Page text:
I'm talking about the teenagers from Marjory Stoneman Douglas High School in Parkland, Florida, where a well armed gunman (a kid really) brought a semi automatic gun into his school and killed 14 classmates and three faculty members.
These teens, even while broken with grief, decided to do things different. We've had ever so many of these school shootings and always there are funerals, memorials, and times of tribute and sharing. These teens aren't skipping any of these important things. But that's not all they are doing. They aren't stopping with thoughts and prayers, they've added action. Already, within one week of the deadly shooting, they have turned into advocates. Strong ones with voices that are clear and precise. They've taken to social media to advocate for stronger mental health services and most importantly, stronger gun control laws and practices. Yesterday they joined together, drove almost 500 miles on a bus to talk to state politicians advocate for more gun control. They are begging them for their lives. These are kids who have, their entire life, lived with the fear and reality of school shootings.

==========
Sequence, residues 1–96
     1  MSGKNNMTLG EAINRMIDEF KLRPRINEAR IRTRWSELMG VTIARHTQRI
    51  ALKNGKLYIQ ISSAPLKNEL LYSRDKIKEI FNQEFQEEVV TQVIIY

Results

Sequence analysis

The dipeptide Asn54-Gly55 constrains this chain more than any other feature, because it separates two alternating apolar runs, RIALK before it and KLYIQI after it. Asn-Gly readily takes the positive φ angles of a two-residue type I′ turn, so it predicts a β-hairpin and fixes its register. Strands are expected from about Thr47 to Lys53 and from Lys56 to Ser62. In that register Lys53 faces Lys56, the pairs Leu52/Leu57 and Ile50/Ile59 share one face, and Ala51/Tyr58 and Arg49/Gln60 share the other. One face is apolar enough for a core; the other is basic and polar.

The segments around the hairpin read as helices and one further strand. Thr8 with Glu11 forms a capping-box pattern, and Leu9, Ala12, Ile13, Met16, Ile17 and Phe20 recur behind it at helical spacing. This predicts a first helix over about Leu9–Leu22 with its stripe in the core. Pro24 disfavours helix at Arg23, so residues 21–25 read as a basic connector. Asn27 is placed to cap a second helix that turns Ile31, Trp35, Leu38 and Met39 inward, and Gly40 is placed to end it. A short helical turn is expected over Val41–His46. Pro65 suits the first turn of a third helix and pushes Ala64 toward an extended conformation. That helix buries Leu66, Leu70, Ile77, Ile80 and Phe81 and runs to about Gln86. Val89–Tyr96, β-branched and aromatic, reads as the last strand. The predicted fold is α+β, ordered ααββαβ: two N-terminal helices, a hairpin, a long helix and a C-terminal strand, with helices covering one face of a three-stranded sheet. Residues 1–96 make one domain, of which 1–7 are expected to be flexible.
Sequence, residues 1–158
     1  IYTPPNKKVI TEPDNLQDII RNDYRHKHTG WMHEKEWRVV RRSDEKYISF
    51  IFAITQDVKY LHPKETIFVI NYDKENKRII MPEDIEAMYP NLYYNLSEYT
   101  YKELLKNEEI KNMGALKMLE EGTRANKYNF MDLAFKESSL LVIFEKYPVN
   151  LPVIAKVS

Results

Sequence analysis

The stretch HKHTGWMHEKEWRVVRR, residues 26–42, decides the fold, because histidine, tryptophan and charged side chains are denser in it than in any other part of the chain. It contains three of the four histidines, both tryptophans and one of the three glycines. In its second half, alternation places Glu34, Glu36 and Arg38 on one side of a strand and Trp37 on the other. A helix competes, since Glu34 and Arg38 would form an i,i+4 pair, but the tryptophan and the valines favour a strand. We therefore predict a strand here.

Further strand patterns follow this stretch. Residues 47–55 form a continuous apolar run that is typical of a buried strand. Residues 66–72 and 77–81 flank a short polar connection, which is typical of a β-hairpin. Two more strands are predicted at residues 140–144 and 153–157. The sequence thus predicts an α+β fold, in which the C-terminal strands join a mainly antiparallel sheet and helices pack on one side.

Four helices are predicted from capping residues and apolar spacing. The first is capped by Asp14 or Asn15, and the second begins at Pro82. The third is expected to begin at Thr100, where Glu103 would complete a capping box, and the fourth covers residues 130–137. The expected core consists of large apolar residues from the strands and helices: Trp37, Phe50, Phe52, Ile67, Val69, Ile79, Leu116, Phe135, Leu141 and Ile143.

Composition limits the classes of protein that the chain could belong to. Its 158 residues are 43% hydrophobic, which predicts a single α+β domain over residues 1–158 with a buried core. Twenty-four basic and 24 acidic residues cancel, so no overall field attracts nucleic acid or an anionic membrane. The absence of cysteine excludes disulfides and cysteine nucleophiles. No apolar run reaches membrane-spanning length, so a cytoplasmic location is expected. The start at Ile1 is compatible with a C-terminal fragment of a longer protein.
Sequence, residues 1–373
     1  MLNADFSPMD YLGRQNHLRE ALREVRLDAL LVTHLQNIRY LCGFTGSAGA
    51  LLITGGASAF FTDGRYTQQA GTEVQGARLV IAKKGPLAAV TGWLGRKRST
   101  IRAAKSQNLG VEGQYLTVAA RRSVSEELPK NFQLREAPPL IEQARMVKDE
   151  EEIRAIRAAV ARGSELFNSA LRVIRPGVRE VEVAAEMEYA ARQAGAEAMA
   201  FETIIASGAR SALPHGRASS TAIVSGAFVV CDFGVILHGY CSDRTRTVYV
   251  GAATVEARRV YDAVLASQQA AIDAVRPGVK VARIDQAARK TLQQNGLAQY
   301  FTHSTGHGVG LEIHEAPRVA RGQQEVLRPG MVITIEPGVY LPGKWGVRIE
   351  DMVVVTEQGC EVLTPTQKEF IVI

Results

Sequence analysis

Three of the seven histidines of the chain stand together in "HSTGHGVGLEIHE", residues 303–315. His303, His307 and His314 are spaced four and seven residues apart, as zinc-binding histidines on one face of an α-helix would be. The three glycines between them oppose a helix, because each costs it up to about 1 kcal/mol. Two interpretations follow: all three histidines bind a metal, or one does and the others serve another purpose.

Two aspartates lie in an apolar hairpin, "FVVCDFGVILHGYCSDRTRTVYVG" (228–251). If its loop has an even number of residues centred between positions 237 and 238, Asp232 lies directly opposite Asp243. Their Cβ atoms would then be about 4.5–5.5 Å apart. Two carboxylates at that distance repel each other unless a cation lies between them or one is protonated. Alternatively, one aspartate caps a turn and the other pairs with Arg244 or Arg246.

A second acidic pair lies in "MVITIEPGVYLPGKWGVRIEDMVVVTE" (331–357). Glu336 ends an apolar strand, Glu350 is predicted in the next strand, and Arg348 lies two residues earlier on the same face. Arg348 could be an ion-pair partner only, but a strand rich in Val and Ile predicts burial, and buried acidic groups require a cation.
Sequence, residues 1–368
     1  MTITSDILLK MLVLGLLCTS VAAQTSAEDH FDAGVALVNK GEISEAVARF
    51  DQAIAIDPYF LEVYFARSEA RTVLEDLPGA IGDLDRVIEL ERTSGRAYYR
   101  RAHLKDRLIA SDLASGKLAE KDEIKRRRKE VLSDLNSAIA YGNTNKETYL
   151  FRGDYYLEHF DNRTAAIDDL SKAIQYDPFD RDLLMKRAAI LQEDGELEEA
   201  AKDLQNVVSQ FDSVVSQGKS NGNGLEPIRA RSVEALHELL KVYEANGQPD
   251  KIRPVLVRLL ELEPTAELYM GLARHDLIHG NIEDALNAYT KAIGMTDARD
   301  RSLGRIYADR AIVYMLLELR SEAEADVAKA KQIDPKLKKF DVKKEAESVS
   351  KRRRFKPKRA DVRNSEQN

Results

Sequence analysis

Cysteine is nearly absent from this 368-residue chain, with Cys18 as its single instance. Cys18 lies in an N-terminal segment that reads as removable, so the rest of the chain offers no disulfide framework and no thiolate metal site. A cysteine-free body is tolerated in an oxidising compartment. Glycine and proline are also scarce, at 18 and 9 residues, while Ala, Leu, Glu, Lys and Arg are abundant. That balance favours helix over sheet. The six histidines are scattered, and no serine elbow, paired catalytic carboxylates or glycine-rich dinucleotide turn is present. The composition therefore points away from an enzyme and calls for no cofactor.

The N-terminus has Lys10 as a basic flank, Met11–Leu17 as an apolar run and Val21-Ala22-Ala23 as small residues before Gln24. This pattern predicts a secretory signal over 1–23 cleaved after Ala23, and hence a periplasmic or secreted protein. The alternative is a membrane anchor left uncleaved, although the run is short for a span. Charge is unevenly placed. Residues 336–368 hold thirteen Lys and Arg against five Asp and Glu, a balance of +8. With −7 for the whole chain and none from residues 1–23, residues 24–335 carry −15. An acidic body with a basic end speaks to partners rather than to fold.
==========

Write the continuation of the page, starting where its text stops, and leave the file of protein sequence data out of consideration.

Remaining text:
And I am proud of them.
That they got an icy reception is a different matter--but one of concern.
That these same representatives voted down a bill the day before the teens arrived that would have banned many semi-automatic guns and large capacity magazines is also a different matter--and one of great concern.
I want to say, Parkland Teens, keep it going. We need you. We need to learn from you. We need to join in with you. We need to listen to you. We need to change things.
And, thanks. This time, I hope with all my heart, you will help all of us create change that makes America safer for our precious children and youth.